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Study reveals risk of workplace accidents in the lab

When North Carolina residents think of workplace accidents or injuries, they may think of workers involved in construction business or industrial work. They may even think of office employees who slip and fall, but they may not think of scientists suffering a workplace injury.

In a recent international survey regarding researchers' workplace attitudes and practices, approximately half of the 2,400 scientists questioned had sustained injuries, such as animal bites or chemical inhalation, and had not reported their injuries or received any hazard training for their job. The study comes as an attempt to understand the safety culture in labs after the death of a research assistant shocked many.

Researchers reported being scratched by a monkey, bitten by rattlesnakes and being sprayed in the face by sulphuric acids. The surprising aspect of these reports was that many believed these injuries were just part of the job. The overwhelming majority of those interviewed viewed their labs as safe places to work and claimed they had sufficient training to minimize injuries, and that their labs were equipped with the appropriate safety measures in case of an accident. However, more specific questions revealed that only 60 percent of those surveyed stated they had received training for the materials they worked with, and approximately half agreed that more safety regulations could be enacted.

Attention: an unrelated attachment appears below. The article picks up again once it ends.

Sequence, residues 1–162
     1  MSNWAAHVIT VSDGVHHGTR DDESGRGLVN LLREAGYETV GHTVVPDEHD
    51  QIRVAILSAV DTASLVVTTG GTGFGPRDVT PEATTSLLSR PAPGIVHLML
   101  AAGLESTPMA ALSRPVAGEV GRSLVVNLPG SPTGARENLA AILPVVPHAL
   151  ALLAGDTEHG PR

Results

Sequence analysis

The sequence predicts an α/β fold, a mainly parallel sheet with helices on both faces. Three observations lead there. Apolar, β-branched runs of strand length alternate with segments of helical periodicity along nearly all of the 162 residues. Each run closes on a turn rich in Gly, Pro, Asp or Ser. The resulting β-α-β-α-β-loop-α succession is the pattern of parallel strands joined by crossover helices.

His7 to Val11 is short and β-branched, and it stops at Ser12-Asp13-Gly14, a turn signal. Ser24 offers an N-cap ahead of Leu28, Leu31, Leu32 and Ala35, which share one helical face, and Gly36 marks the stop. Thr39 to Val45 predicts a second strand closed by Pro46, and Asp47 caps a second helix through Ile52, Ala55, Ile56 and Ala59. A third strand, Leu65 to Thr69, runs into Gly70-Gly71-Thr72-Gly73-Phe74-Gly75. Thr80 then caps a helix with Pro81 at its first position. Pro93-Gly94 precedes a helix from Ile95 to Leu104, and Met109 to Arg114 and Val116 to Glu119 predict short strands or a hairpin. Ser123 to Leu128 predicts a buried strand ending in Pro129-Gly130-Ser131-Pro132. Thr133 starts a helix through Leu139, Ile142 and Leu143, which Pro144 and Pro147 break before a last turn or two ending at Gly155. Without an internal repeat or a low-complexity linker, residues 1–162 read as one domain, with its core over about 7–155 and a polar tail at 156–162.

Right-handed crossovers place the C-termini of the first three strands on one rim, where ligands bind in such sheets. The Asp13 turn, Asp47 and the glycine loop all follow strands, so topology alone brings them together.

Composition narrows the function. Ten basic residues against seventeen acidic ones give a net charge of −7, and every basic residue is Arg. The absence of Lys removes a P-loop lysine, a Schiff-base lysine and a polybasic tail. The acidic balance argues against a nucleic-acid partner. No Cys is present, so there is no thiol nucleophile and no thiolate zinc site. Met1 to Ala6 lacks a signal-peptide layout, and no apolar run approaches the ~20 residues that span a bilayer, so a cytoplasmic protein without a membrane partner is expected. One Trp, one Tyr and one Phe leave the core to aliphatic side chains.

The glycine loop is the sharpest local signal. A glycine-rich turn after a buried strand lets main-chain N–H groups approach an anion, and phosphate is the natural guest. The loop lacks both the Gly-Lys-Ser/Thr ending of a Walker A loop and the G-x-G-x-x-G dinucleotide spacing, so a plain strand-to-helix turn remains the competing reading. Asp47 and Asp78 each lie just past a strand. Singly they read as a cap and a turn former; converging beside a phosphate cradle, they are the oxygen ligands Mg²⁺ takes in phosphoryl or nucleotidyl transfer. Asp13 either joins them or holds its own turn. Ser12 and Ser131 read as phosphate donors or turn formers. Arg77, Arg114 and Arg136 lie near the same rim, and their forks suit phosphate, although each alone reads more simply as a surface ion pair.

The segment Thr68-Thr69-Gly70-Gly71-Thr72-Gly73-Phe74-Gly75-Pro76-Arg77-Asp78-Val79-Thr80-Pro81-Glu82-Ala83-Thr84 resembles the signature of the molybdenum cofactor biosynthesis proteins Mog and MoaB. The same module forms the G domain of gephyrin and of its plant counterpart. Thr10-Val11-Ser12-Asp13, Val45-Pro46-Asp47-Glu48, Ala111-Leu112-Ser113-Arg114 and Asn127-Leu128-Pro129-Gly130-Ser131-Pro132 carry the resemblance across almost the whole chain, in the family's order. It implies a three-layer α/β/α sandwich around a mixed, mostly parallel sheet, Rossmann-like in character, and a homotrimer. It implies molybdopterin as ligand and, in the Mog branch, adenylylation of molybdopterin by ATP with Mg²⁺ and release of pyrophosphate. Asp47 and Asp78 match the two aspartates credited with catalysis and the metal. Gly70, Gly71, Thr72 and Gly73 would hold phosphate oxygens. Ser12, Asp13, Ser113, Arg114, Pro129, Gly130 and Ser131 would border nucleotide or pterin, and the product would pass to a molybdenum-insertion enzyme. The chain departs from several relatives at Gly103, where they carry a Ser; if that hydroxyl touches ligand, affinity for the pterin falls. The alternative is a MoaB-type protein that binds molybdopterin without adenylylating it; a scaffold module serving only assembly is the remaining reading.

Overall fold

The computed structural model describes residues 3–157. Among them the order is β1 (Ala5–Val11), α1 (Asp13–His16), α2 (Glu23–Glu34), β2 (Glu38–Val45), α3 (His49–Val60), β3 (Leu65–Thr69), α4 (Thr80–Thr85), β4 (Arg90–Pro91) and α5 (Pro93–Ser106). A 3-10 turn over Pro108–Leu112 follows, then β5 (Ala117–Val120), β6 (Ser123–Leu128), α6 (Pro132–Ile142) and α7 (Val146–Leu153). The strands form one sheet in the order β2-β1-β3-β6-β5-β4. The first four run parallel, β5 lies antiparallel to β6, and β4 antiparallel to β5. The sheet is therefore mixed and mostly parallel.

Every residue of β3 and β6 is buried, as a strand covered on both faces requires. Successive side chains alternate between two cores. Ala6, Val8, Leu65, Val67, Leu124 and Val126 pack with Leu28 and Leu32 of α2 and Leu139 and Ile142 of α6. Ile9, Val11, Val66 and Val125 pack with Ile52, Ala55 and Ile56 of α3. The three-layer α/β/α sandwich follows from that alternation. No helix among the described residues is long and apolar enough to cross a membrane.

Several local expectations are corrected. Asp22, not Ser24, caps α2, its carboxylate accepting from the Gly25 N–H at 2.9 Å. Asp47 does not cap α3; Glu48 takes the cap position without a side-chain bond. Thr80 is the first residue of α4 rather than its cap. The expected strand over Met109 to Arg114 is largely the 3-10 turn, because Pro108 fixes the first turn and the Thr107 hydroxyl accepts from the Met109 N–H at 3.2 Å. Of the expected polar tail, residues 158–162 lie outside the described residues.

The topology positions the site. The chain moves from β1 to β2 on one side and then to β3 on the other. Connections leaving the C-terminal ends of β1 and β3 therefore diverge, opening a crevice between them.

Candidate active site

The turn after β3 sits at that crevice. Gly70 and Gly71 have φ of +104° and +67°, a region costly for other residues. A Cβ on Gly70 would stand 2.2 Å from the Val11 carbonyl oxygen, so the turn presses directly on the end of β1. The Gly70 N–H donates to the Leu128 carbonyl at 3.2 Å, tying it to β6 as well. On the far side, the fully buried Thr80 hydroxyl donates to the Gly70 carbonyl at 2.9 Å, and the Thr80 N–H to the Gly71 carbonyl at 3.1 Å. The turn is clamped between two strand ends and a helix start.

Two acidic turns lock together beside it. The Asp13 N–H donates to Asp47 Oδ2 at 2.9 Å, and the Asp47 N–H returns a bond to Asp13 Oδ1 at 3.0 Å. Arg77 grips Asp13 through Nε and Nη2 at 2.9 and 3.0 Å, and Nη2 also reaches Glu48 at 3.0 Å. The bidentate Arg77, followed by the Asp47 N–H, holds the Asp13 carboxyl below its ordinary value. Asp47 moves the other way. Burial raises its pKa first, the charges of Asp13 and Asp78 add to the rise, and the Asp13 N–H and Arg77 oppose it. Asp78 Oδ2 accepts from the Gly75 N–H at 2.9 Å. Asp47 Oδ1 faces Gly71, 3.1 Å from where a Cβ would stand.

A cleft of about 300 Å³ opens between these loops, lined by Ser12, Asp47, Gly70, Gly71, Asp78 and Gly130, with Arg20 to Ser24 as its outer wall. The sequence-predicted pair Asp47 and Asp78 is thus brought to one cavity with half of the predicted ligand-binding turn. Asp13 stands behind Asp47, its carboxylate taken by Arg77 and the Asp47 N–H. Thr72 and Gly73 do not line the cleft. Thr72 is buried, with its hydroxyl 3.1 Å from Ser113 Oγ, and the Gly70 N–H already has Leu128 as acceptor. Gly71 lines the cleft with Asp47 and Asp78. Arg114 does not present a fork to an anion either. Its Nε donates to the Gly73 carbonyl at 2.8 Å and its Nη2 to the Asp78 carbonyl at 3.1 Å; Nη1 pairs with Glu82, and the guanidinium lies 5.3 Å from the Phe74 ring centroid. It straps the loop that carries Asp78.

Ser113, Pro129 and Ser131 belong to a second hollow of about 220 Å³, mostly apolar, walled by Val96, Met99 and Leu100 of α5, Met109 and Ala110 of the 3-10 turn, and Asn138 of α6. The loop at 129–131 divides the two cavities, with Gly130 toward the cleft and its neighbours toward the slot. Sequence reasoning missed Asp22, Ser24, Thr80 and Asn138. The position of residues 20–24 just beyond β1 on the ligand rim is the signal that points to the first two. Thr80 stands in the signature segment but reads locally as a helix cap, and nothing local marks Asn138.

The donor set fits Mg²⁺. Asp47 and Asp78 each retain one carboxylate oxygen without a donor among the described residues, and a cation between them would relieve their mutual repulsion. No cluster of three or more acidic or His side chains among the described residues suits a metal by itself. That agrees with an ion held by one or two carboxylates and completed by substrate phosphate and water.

The survey also demonstrated a divide between junior scientists and senior ones. Only 12 percent of junior scientists stated that safety was a key issue, more important than other lab regulations. They were also more likely to work alone, increasing the risks if an accident should occur.

Workplace safety is essential, whether North Carolina residents are building houses or experimenting on animals. Creating a safe culture starts with safety training and underscoring the importance of following safety procedures, even if it means more paperwork for employees and higher costs for employers.

Sustaining an injury on the job is not a necessary part of any job, and those who suffer injures should not only report their injury but they may also be able to file a workers' compensation claim in order to cover their medical expenses and any time taken off from work due to their injury.

Source: Scientific American, "Safety survey reveals lab risks," Richard van Noorden, Jan. 3, 2012

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